NaNoWriMo Tip #28: The Good, The Bad, and the Ugly

So maybe you’ve finished the NaNoWriMo or maybe you are slaving away at the final pages (and if you are, you need to stop reading this RIGHT NOW and get back to work), but I’m sure that as you peruse the text of your masterpiece you will find some scenes, character dialogue or something else that you cannot believe you wrote.  It’s good stuff.  It gives you chills it’s so good.

Of course, there will also be the inevitable passages that look like a monkey threw magnetic letters on a refrigerator before downing a fifth of Southern Comfort.  Don’t worry.

How about this dialogue:

Aro started to laugh. “Ha, ha, ha,” he chuckled. (page 476 of New Moon)

…and then on page 479, she does it again…

“Ha, ha, ha,” he laughed, his head still bent forward.

I mean, do we really need to have the sound of laughter spelled out?

Beth Hill has written a great blog post about problematic dialogue and is well worth the time to read.  She has hit the nail on the head of what makes dialogue sing out of tune.

Another area that is problematic might be the description which is the meat of any novel.  Evan Marshall, a publisher and editor, has written some handy tips for polishing that mound of text into a workable novel which is worth a read.

Above all, realize that a novel’s first draft may be one of hundreds.  I have literally spent days editing through a text only to discover a new angle or new direction that causes me to rework several chapters and in some cases whole characters.  Some things to remember when you do this:

1.  Take Careful Notes – Sometimes if you change up a character too much, the descriptions or personality of that character begins to look like three different actors played them (if, like me, your book plays in your head like a film).  There will be continuity problems that will creep up on you that may not be noticeable to you but very obvious to a reader.  For example, one of the rough drafts of Book 1 of This Broken Earth included a scene where a pistol miraculously went from the pavement thirty feet away to the waistband of one of my heroes.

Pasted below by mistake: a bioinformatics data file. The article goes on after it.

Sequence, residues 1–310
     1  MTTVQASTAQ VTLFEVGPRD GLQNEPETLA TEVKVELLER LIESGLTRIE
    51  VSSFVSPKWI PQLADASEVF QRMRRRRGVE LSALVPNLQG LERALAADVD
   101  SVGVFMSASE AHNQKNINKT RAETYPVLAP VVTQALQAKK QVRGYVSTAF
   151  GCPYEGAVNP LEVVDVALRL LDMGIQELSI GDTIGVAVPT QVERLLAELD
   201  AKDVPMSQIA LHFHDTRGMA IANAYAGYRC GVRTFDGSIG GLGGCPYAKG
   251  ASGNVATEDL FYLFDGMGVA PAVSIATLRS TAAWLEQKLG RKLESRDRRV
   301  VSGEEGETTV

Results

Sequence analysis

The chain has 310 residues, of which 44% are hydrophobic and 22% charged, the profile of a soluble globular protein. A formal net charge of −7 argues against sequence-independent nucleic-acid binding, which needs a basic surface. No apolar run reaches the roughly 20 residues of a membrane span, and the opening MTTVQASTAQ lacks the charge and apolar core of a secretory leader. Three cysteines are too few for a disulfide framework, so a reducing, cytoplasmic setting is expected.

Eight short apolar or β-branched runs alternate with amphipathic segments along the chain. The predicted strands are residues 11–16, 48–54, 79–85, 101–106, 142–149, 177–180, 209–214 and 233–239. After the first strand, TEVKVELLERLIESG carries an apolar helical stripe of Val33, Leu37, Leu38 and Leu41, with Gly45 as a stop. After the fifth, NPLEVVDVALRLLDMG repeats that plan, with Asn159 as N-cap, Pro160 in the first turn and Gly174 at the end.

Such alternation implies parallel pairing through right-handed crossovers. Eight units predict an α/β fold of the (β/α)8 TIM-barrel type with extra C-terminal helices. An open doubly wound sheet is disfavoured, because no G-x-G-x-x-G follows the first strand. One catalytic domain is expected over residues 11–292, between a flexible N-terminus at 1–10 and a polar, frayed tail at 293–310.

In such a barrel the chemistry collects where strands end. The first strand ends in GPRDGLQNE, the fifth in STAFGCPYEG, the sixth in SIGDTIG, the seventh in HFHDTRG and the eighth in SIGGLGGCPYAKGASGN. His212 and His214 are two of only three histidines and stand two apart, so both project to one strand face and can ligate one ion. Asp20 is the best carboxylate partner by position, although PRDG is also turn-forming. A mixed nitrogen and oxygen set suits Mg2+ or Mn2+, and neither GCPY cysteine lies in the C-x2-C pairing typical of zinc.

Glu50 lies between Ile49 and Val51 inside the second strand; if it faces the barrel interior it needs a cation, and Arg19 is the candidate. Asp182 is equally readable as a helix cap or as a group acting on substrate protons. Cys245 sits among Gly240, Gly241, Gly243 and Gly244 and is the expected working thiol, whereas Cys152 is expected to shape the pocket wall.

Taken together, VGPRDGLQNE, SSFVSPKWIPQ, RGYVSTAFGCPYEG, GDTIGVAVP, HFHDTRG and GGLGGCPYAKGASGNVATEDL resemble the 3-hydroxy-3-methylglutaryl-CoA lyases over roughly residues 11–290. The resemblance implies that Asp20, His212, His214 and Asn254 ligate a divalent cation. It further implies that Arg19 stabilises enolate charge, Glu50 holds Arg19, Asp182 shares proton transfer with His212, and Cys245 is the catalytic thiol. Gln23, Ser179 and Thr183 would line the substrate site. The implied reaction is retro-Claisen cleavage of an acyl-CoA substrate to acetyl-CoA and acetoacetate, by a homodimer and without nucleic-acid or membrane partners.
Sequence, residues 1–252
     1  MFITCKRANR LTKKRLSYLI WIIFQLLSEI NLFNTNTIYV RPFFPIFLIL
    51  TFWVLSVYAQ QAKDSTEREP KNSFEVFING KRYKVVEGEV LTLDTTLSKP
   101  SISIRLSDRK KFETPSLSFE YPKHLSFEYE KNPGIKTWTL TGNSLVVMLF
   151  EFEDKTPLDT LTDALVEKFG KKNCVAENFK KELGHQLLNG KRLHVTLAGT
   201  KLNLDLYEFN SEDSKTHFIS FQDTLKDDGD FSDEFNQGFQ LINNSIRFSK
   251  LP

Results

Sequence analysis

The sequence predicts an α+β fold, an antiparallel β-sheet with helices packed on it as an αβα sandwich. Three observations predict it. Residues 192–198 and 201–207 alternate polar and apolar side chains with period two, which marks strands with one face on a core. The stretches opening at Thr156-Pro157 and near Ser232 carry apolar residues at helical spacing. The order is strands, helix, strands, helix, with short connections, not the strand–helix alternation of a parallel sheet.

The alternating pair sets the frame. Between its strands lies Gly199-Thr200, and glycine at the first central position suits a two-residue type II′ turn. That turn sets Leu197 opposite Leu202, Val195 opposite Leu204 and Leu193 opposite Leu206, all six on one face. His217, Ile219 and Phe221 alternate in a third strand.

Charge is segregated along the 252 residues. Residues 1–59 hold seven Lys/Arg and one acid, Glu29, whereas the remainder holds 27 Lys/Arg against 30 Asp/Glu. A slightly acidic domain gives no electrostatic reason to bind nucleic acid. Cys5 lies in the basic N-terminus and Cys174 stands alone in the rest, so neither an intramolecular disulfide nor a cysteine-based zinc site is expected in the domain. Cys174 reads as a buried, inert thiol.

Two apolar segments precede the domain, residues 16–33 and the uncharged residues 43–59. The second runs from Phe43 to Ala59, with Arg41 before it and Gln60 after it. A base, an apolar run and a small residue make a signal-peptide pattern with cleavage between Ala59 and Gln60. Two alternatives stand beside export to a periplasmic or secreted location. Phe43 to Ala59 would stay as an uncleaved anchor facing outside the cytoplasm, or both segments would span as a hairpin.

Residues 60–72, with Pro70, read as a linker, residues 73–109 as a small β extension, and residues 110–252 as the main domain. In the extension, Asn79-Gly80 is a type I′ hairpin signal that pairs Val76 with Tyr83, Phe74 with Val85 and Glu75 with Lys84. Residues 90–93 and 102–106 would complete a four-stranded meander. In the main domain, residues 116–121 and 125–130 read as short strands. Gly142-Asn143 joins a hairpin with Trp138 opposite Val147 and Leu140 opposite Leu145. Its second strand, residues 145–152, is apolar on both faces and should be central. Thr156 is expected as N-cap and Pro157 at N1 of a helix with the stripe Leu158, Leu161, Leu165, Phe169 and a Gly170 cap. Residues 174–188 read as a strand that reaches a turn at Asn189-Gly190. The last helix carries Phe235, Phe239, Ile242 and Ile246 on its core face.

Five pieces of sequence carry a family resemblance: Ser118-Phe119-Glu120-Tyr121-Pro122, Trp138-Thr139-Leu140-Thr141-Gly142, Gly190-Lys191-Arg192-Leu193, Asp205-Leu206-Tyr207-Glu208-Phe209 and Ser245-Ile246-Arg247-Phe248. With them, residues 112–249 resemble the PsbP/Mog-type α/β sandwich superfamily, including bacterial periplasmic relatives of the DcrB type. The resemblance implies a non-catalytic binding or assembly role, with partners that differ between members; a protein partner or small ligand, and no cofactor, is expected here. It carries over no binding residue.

2.  Take Your Time – It usually takes a month or so to edit through a text.  I am in the editing stages of my current book right now and it releases on December 21st.  I’m taking my time.  I have written a few posts about editing that could help you at this point, such as:

Use of Like and How to Remove

Finding the Right Tone

The Slow Start: How to Open Your Novel with a Bang

Peruse my archives for many more of these posts.  As an English teacher who has 15 years experience who writes all the time, I’ve thought a great deal about the craft, and I want to pass my experiences right on to the general public.

In March, the NaNoEdit will happen, but why wait until then?  If you wait too long after you write a novel, you will probably forget the reasons you wrote the novel in the first place.  Get busy tearing it apart.  If you wrote the NaNoWriMo you spent the month working to solve the immediate problem of creativity.  Now that it is nearly over, you have plenty of time to rework that pile of words into something that is the best you can offer.

Why not do your best?


Published by Roger Colby, Novelist, Editor

Roger Colby is a novelist and teacher who has taught English for nearly two decades. He is also an avid reader of science fiction who feels, like many other sci-fi readers, that he has read everything. He writes science fiction for the reader who is looking for the next best thing, something to excite them into reading again. This blog is his journey as a writer and his musings about writing. He also edits manuscripts for a fee and is an expert at helping you reach your full potential as a writer.

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